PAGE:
The Thomas-Adams X-men origin of the Second Sentinels Saga

On another board, some fan pointed to or reprinted an interview with Neal Adams about how the Marvel Method worked.  This is interesting not only in connection with the Kirby estates case that Jack Kirby and written/plotted most of the stories he drew...but also in light of the forthcoming X-Men movie "Days of Future Past".

I have re-keyboarded about two pages of introductory text from the significant Marvel Masterworks volume where Roy Thomas tells his side/version of their collaboration. And it complements Neal's tale very well...they are in agreement on most points.  But I'll let you read and enjoy for yourself...

PS: I have corrected one or two typos in Roy's tale (which issues the Sentinels originally appeared), also switched an "in" for an "it", and skipped over his introductory comments about Arold Drake and Barry Winsor Smith, just for time and space reasons. Go read the entire commentary for yourself!

 

The Thomas-Adams X-men Team

By Roy Thomas from X-men Marvel Masterworks X-Men vol.6  (#63) Introduction

…The team of Thomas and Adams took a while to arrive…. Arnold Drake went out with a bang, as he and artist Don Heck introduced not only the Living Pharaoh but also Scott (Cyclops) Summers’ young brother Alex.  I can’t for the life of me recall if he checked with Stan and/or my associate-editor self before giving Scott a sibling. No matter—we’d have approved.  At this Point, The X-Men need all the help it could get, and maybe an infusion of new (but related) blood would help.

…Did Arnold already mean for Alex to be a mutant like his brother, or was that my addition?  I’ve no recollection…but at the very least I must’ve felt that was what Arnold had in mind when he introduced the character.  So I ended the tale with that revelation.

And that’s when things got really weird—and wonderful!

Neal Adams once said that fellow artist Jim Steranko suggested he come over to Marvel and try doing a script “Marvel style” (plot first, then art, then dialog). Earlier, I had met Neal at a social gathering and suggested the same thing. When Neal met with Stan, he’s said he told Our Leader he wanted to draw the company’s worst-selling title.  So he inherited the X-men—and me as writer.

Actually, knowing that Neal had scripted some stories he’d drawn at DC, I volunteered to step aside and let Neal write as well as illustrate the title. Neal, though, told me he’d read other things I’d written and would like me to stay on. Of course, when he got Roy the writer he also got Roy the de facto editor… what at least had the advantage that we didn’t have to check plotlines carefully with Stan, who gave me considerable freedom on the interiors of comics I wrote.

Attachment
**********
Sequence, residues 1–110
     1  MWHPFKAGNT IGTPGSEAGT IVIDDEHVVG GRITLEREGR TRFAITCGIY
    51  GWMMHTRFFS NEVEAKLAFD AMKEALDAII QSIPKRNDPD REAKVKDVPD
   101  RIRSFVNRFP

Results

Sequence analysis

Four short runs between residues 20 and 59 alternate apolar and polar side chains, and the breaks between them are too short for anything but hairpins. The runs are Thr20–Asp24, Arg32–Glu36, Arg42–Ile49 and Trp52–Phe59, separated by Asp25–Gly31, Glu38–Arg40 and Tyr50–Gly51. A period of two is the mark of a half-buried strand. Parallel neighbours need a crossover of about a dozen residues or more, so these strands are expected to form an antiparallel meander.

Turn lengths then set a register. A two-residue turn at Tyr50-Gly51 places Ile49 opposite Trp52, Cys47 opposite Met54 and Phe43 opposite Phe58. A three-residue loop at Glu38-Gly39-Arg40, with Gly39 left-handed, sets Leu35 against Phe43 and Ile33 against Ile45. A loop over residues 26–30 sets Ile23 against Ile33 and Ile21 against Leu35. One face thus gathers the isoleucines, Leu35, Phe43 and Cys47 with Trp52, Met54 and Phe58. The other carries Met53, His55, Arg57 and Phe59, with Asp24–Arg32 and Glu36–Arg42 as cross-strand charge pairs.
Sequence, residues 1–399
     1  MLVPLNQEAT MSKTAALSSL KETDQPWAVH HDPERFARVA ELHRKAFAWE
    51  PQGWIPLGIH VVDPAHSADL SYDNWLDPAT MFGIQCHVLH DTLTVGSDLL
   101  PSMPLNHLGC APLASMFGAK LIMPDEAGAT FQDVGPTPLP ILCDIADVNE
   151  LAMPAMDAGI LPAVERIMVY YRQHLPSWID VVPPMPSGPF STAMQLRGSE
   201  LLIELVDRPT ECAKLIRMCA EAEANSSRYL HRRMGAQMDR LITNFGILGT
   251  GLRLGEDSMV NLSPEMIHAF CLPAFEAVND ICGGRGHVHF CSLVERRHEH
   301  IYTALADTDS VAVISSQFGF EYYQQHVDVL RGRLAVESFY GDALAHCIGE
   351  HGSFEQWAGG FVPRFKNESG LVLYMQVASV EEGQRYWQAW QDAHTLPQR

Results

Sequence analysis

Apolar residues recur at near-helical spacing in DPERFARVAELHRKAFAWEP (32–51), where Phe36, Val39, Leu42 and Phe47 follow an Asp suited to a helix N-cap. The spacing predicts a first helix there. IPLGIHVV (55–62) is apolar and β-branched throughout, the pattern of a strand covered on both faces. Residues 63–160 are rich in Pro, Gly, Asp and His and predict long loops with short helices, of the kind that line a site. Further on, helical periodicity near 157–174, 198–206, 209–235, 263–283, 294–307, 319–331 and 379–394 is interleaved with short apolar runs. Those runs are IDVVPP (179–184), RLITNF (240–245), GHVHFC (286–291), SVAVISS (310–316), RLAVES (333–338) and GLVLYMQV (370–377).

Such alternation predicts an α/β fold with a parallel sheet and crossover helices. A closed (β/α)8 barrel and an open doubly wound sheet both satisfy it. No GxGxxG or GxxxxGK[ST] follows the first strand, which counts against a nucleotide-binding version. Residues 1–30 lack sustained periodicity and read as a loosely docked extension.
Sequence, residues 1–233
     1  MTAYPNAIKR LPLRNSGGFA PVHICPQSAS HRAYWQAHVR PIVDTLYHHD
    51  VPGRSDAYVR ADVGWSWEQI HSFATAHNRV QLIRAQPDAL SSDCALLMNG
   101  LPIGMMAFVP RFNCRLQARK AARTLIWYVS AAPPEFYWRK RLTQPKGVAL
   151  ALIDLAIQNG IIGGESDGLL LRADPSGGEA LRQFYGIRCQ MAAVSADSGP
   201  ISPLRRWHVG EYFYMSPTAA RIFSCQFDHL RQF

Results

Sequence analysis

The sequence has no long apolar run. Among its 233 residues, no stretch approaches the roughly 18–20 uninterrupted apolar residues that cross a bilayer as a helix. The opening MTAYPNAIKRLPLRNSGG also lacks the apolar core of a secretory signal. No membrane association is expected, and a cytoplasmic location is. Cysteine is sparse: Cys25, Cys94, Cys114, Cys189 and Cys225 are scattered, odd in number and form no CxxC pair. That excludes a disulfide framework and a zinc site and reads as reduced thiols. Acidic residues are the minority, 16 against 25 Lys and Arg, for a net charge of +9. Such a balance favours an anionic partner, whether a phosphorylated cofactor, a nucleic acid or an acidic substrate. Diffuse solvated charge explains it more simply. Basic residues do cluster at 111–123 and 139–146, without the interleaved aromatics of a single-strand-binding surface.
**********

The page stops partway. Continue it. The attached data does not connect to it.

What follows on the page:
I had admired Neal’s art style—a combination of realism and visual dynamics—on his DC war stories and Spectre issues.  But the day I really became impressed by his work was when I saw him sitting one day in the Marvel bullpen, penciling the splash of X-men #56. He was drawing the Abu Simbel temple of Egypt in the background—doing it freehand, yet making it look like a photo. He did the same with the Angel’s gracefully –spread wings. At that point—and ever since—I’ve been happy he didn’t take me up on my offer to let him write the book!

For, working with Neal on X-men was one of the high points of my time at Marvel. He inspired me not only with his storytelling and heroics, but even with throwaway bits he tossed in—like the doleful  dromedary on p.8 of #56.  This was an artist who went the extra mile to make his pages interesting, and cut no corners. That, added to his commitments at DC and in commercial art, sometimes meant we got pressed a bit on deadlines, but it was all worth it.

The final piece fell into place when Tom Palmer was named inker.  I ‘don’t recall if that was my idea, Stan’s or Neal’s—but Tom proved to be such a perfect inker for Neal that over the years it’s a tossup as to whether it’s for that work or embellishing  Gene Colan’s Tomb of Dracula that he’s most revered by Marvel aficionados.

Actually, the only (but infamous) sour note in #56 was when Martin Goodman rejected the cover Neal impetuously drew for it—one that showed the X-men strapped to the mag’s logo. The publisher said he couldn’t read the logo, so he refused to use the cover.  I was appalled, and I suspect Stan was, too; but there was no court of appeal from such a dictate.  Neal did a second cover, which was still effective—but I wish just once, his original illustration could be printed as the cover to a comic book, to correct perhaps the worst comics-related decision of 1969.